Review: The Political History of Smack and Crack, Tron


Photography: The Other Richard

According to The Political History of Smack and Crack, prior to the 1980s and the dawn of Thatcherism, there was an estimated 3,000 deaths from heroin in the UK, mostly to middle class users. During her reign, this went up to 330,000, and this time, the addicted were poorer.

Set initially during the riots of 1981, and moving through the decade, Mandy (Eve Steele) and Neil (William Fox) attempt to navigate a fragmented Britain, as well as the push and pull of a friendship forever teetering on the brink of romance. Add drug addiction, shoplifting and prostitution to the mix and there’s an incendiary potency.

Ed Edwards, who collaborated with Steele, herself an ex addict in real life, in forging this beautiful, funny, but painfully sad play, has created two complex characters and a densely layered drama. There’s no set to detract, making the whole piece entirely focused on the duo, whose physicality is astonishing. They seem to visibly age and ‘shrink’.


The political and personal fuse seamlessly, as Mandy and Neil put the dance of their relationship into context: under the Margaret Thatcher-led government, there  was a demonstrable disregard for working- class kids like them, as housing prices went up and the cost of drugs went down.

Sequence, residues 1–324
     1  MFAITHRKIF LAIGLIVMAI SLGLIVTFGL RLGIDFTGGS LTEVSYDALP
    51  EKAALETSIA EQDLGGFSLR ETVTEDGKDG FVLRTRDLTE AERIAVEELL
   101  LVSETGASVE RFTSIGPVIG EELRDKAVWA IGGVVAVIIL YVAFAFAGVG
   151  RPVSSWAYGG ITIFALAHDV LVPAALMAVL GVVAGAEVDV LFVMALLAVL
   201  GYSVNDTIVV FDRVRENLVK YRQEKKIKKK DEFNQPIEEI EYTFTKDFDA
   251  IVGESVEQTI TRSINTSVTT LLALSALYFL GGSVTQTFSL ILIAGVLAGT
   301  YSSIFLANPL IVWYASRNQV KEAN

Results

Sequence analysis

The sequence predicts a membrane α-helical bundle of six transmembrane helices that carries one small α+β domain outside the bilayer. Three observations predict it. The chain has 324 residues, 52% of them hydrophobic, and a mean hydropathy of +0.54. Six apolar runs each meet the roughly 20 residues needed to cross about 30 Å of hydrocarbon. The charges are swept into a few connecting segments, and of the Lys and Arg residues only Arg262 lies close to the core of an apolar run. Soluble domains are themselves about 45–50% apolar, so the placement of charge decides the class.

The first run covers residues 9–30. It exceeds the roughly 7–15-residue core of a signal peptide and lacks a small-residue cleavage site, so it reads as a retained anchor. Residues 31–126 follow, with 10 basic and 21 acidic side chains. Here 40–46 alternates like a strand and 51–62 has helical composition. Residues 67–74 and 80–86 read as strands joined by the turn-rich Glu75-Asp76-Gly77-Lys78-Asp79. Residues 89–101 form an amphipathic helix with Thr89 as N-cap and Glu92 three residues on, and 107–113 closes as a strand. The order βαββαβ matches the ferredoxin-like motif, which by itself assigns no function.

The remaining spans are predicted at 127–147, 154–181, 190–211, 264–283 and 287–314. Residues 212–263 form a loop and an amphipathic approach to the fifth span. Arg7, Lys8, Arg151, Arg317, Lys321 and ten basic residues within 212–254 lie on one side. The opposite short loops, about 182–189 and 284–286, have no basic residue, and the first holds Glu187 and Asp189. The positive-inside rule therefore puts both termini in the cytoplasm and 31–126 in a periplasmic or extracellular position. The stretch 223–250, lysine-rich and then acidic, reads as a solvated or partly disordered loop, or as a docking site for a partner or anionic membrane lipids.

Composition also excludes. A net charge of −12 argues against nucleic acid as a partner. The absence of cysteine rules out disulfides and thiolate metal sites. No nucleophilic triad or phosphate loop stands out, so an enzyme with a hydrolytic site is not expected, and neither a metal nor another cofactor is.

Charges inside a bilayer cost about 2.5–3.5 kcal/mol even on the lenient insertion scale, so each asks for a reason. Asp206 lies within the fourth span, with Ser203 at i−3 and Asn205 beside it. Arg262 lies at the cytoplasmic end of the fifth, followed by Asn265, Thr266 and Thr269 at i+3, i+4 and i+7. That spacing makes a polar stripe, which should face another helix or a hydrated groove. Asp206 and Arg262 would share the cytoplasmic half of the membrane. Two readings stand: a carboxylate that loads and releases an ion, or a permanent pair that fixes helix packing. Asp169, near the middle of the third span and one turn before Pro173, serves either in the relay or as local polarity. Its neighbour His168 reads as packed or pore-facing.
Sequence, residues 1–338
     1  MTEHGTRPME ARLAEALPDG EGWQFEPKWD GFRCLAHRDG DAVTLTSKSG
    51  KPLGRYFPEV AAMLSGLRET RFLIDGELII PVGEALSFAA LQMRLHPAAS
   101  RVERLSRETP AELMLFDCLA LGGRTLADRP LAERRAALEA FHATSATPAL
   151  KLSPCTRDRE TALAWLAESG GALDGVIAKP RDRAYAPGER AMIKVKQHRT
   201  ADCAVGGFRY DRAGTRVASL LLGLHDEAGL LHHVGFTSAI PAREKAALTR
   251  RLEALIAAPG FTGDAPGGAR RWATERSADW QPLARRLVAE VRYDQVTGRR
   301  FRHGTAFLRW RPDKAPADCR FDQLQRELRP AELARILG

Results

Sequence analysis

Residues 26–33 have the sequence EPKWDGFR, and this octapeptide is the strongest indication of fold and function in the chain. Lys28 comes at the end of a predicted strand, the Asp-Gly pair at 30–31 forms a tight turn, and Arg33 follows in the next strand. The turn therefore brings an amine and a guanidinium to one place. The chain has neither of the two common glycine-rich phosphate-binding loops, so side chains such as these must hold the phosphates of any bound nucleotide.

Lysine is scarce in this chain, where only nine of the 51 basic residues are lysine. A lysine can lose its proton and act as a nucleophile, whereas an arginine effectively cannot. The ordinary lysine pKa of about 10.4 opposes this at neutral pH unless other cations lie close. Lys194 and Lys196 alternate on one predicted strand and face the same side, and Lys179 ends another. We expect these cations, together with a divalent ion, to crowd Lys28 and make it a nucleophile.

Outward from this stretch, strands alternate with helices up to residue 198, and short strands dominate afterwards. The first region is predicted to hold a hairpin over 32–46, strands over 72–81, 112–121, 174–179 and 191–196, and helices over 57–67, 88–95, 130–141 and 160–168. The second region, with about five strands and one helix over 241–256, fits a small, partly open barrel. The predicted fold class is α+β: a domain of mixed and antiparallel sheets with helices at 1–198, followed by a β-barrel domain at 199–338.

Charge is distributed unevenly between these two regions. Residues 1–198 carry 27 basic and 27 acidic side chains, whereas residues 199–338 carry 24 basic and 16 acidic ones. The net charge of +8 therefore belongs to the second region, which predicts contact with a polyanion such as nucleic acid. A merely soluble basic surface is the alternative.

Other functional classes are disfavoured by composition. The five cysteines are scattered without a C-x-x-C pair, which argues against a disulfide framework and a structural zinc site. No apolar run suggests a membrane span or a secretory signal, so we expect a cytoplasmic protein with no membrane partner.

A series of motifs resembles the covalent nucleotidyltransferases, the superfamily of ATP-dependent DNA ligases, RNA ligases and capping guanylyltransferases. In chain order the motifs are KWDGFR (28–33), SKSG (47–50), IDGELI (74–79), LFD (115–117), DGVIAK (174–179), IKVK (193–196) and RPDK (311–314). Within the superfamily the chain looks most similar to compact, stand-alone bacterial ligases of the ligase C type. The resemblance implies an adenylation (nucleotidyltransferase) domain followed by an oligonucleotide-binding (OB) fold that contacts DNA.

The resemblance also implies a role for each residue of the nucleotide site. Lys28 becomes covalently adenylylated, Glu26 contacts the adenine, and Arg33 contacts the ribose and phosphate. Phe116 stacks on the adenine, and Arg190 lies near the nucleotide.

So, too, does the power between the pair shift throughout the production. One minute Neil is in the grip of a brutal heroin and crack addiction, with Mandy pulling him into an almost evangelical rehabilitation; then it’s Mandy who relapses. Edwards also links love to drug abuse, as co-dependency is the symbol of broken estates.

Yet, with its overlapping dialogue and breaks to dictate Manchester’s legacy of addiction, the play, performed subtly in the round, with naturalistic direction by Cressida Brown, is so engaging and heartfelt, with swathes of gallows humour that it’s impossible not to get hooked.


Brilliantly, there are no judgemental interludes (nobody learns or grows here) or simple, stereotypical resolutions, just wonderful storytelling and a bracing sense of warmth and intimacy, making Mandy and Neil worth caring for. They’re not poster kids for drugs: instead, they are so believable, so flawed yet  likeable that you long to lean over, embrace them and try to intervene, knowing ultimately, it’s too late. The soundtrack, from Bauhaus, to reggae sound systems, to BPMs, is superb too.



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